Retail sales of cosmetics for the period from January to December grew to CNY74.0bn ($10.8bn), underlining the continued desire Chinese consumers have to purchase skin care and hair care products that are increasingly prestige and luxury products.
The figures for the last three months in the year also illustrate a slight downward trend in the growth rate, as in the nine months to September 2009 sales had grown at 17.9 percent to reach CNY 52.8bn.
Underlying trend is down, despite breakneck growth
This downward trend was even more emphatic for the month of December, which showed that cosmetic retail sales grew by 13.4 per cent to CNY 7.3bn.
However, cosmetics sales compared well with other retail categories, beating growth in the food and drink, household appliances and jewelery categories, but failing to come near the 25 percent-plus growth rates in the top three categories : furniture, automobiles and building and decoration materials.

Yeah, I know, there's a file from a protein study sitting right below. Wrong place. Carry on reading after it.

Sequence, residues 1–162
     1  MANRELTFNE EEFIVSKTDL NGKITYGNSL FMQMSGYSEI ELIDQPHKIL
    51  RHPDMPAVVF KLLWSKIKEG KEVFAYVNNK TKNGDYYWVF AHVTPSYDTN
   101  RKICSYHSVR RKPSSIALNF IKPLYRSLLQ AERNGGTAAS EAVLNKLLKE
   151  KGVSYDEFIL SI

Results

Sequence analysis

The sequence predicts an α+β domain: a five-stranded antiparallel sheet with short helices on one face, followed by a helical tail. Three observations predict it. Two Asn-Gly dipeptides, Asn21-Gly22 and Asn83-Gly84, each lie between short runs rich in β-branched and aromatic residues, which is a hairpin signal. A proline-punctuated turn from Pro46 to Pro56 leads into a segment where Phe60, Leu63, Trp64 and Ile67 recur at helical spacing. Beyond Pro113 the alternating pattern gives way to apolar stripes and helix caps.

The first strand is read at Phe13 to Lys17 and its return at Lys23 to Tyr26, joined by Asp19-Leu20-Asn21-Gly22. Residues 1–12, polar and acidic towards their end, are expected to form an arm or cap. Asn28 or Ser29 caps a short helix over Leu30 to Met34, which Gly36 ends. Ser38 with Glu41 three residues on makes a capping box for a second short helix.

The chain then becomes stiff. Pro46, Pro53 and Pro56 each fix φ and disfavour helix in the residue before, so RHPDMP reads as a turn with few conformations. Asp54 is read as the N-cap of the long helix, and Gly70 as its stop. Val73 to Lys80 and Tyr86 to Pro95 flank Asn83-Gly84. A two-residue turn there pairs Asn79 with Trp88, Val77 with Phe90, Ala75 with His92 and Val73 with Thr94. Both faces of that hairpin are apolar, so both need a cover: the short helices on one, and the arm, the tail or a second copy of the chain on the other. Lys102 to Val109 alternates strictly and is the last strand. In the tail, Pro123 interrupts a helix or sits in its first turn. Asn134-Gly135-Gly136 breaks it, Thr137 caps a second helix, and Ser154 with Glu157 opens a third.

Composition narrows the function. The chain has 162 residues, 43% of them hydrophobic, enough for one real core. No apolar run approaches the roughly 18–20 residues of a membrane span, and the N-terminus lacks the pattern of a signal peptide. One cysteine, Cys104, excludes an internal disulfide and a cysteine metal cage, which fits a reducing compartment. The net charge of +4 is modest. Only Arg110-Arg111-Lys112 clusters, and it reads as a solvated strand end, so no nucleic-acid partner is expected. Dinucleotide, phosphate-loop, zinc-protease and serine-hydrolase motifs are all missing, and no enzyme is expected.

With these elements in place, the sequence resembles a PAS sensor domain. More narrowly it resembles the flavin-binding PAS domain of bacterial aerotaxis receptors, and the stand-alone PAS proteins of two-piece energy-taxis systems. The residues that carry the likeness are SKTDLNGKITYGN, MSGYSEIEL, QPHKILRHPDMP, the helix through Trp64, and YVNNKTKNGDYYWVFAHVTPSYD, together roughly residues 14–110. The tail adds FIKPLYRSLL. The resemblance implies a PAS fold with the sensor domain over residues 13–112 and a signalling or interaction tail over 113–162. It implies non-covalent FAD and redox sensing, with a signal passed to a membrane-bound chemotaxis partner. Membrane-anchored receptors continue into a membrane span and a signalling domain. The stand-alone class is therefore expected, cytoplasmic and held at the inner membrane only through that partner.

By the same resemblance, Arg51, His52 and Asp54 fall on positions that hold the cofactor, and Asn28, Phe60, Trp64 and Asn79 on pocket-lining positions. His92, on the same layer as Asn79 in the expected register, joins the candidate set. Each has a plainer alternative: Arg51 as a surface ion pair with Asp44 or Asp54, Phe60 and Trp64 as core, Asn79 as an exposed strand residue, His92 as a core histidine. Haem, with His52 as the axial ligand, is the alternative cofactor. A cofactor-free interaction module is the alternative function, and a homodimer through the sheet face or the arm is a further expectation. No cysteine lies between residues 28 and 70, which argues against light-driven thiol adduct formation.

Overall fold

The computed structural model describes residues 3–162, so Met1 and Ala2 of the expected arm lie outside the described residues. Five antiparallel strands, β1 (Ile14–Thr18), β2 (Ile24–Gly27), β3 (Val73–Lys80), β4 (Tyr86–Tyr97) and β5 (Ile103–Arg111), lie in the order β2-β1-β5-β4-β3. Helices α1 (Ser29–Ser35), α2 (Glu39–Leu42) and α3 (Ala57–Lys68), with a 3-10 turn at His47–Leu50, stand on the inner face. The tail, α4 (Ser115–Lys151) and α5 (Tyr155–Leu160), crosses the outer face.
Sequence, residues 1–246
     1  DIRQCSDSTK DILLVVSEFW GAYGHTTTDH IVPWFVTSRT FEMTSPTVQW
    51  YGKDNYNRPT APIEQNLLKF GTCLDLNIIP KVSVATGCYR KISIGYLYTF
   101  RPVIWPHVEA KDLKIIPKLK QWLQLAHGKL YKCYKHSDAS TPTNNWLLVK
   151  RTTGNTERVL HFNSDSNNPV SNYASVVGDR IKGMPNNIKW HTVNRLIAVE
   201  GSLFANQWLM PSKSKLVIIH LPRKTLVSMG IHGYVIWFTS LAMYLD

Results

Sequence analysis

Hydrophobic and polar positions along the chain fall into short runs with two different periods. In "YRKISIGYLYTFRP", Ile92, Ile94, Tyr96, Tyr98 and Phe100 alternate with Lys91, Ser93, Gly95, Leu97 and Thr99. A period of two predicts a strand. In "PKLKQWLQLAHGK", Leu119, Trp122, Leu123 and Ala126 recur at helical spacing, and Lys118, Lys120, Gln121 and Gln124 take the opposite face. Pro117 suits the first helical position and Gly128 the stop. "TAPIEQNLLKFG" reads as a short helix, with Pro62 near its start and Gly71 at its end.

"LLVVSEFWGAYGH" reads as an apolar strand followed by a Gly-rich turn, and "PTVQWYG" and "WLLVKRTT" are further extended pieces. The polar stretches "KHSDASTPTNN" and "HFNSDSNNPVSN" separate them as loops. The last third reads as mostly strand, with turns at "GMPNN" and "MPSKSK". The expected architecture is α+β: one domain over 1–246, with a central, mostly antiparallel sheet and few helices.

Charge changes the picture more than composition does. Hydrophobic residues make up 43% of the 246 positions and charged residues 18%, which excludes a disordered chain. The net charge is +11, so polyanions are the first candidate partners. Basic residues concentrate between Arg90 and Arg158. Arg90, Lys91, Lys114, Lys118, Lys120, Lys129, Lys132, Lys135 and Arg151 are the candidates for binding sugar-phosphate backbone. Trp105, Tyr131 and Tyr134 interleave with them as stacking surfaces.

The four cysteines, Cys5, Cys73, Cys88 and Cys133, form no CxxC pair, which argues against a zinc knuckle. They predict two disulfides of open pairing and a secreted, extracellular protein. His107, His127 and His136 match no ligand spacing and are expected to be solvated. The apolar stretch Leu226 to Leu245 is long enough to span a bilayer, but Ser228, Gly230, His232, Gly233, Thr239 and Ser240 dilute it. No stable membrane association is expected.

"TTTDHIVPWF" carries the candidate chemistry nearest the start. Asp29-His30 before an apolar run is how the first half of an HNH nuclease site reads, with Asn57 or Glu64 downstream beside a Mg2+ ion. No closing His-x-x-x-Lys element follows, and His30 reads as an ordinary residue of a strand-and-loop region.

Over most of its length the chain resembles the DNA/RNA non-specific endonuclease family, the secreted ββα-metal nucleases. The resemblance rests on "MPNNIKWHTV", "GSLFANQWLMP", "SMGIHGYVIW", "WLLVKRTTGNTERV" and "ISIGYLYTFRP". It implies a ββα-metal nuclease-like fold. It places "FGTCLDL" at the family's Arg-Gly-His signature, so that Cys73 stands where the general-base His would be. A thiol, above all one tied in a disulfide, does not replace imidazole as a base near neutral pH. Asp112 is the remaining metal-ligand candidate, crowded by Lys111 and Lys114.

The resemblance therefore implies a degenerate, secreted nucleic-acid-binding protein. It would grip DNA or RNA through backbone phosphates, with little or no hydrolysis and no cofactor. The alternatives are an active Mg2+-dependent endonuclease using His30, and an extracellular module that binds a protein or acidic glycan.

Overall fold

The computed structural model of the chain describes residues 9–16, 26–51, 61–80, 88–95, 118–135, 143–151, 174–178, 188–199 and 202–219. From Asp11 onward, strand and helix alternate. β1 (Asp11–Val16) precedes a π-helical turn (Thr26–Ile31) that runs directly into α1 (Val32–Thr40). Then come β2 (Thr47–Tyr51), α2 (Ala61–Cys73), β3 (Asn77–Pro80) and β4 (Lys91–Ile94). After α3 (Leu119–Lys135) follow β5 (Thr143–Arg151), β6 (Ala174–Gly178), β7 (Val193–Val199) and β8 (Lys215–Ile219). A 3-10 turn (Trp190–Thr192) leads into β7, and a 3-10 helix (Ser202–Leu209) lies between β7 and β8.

Growth in the retail sector has been fueled by incomes rising in excess of 9 percent throughout 2009, although there is still a big rural-urban poverty gap and an estimated 150 million people in the country are thought to live below the poverty line.
Cosmetic growth almost double GDP growth
The figures for the cosmetics industry also compared well with the GDP growth rate, which hit 8.7 percent in 2009, a figure that is so strong economists believe China is set to overtake Japan to become the world’s second largest economy, behind the US.
China currently has by far the highest GDP growth rates of any of the major economies in the world, an achievement made particularly notable by the fact that its neighbor Japan is expected to see its GDP contract by around 6 per cent in 2009.
Put in the context of the shrinking economic growth that has been registered in many of the other leading global economies in 2009, the situation in China underlines the fact that there are still key growth opportunities.
Still opportunities to tap into China cosmetics growth
Market researchers have repeatedly stressed that opportunities still exist in the ever-growing skin and hair care products market, particularly for more niche functional products, whereas the prestige and natural and organic categories are also likely to provide future growth for both established and new players.
Currently annual market revenues represent approximately 38 per cent from skin care and around 20 per cent from hair care.
Indeed, with strong growth in key areas such as skin care and hair care, the market research company RNCOS believe that the total revenues for the cosmetics market could exceed $25bn by 2012.